In the preference given to Ephraim, wehave an additional proof of the foreknowledge of the Supreme Eking; for, in pronouncing (he blessing on Joseph's two sons, Jacob evidently spake by Divine inspiration. This blessing related only to the temporal state of their posterities. .

Jacob himself was at this time in the very circumstances in which Isaac was, when he pronounced the paternal bles&ing on him, old and dim-sighted; the remembrance membrance of his father's inadvertency, in all probability, made him particularly circumspect.

It is remarkable, that Jacob calls the Gon before whom his fathers walked, (and whom he had just before styled God Almighty) the Angel that redeemed him from all evil, and sustained him. By recollecting the various revelations that were made to this patriarch, we shall find, that he did not allude to any created being, but to the Lord Himself, who was the only visible author of his deliverance and sustenance. The portion which Jacob gave to Joseph, as his own particular bequest, was the field which he purchased of Hamor the father of Shechem. It is likely that the Amorites seized upon this when Jacob went to settle at Beth el; and that on account of the altar which he had erected there, he resolved to recover it out of their hands; and though no warrior, the patriarch might be enabled to succeed in this enterprize by the aid of the Lord.

We may suppose that all the sons of Jacob were present at the time the blessing was given upon Ephraim and Manasseh; for it was necessary that they should hear from their father's own mouth the Lord's will concerning Joseph's sons, otherwise they might have disputed their right to be considered as heads of tribes, or might.have blended their posterities together, under the title of the tribe of Joseph.

The blessings Jacob pronounced when his sons surrounded his bed, were predictions concerning the future state of their posterities, which have been explained by their completion, as wili be observed in a future part of the History of the Israelites. It is sufficient to observe at present, that Judah was to have the preeYninence. By Shi Lob is to be understood the promised seed; and we shall find that from the time of king David,

who who was of the tribe of Judah, was settled upon the throne, till the coming of our Saviour Jesus Christ, Judah possessed some degree of pre-eminence over the rest of the Jewish nation. s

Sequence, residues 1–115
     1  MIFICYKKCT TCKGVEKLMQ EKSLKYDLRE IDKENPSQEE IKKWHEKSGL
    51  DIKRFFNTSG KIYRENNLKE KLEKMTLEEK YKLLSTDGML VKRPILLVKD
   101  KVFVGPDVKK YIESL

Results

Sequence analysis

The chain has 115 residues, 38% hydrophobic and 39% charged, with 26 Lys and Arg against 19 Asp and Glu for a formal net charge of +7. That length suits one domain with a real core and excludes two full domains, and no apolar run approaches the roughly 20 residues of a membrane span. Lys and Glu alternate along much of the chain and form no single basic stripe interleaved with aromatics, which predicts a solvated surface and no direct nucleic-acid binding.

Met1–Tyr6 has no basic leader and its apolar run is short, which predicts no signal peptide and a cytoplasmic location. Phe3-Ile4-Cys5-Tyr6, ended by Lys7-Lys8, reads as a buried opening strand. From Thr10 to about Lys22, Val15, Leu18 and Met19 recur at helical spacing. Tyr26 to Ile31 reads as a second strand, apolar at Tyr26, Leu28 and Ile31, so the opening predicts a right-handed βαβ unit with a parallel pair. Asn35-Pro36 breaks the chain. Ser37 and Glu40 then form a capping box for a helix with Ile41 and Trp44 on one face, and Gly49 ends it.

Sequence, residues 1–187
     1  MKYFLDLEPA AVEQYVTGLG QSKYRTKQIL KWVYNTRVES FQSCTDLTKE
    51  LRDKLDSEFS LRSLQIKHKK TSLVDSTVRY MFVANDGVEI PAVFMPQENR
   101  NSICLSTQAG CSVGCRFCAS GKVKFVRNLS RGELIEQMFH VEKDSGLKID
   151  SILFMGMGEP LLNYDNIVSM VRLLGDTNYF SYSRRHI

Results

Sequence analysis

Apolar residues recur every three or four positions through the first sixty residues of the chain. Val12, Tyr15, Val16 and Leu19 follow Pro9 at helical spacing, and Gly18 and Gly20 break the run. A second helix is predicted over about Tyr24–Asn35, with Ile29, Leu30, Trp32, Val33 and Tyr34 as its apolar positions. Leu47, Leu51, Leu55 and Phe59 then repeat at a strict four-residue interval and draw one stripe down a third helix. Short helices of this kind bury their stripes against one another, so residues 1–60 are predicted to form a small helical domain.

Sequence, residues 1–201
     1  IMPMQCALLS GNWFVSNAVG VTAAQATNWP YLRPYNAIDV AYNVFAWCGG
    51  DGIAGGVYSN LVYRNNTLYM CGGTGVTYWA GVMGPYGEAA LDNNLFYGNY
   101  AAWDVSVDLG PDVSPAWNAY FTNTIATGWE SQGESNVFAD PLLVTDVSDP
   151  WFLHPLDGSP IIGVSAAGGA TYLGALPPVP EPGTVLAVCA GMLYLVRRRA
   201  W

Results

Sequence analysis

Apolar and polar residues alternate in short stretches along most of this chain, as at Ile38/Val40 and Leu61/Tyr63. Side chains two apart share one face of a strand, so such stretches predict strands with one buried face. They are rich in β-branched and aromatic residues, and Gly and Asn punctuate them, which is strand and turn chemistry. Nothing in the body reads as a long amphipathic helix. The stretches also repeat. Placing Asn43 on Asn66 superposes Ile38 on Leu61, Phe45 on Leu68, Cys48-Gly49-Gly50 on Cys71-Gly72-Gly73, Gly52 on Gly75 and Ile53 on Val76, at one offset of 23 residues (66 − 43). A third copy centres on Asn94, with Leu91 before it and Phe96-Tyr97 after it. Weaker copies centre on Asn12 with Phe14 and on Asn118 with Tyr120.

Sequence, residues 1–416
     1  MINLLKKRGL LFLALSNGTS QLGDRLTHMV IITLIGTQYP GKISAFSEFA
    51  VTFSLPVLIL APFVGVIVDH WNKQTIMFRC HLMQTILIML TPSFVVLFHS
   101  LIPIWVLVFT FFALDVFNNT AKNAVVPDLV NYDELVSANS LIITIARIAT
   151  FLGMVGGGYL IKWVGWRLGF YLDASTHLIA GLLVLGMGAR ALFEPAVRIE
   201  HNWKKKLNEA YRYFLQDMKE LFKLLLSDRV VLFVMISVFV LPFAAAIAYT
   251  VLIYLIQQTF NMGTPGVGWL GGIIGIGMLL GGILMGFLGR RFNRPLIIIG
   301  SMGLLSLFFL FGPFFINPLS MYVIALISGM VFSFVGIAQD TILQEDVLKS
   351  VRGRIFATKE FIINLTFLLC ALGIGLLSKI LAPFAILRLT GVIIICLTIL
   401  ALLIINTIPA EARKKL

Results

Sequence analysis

The patriarch Abraham had several sons; but one only received the promise of the inheritance of the land of Canaan. Isaac had two, but the youngest of them was sole heir of the promises. The numerous family of Jacob promised a great increase ; and it was the Divine will that they should incorporate together, and form one people under the denomination of Israelites; the inheritance therefore was portioned out among them. The peculiar blessing respecting the Everlasting Covenant was the lot of Judah ; on which account he was to have the sovereignty. It will afford great satisfaction to observe the gradual accomplishment of these predictions.

There is something extremely edifying in Jacob's death. With the utmost composure did he expect his dissolution; his soul seems to have been strengthened by the hopes of those blessings which are reserved beyond the utmost bounds of the everlasting hills for him, and all the nations of the earth, through the promised Redeemer. It is needless to descant on the character of this Patriarch; every attentive reader may discover from the events, of his life, that he was a man of like infirmities with the rest of human kind, but eminent for hi* faith and piety; and, on account of these, supported under severe conflicts, sometimes by the visible appearance of the Lokd, sometimes by the secret influences of the Holy Spirit. Let it be our earnest prayer, that we may be enabled to imitate this faithful servant of God in every perfection, and that the same Lord who redeemed him from all evil, and sustained him, may also save and support us in iiU dangers, spiritual and temporal.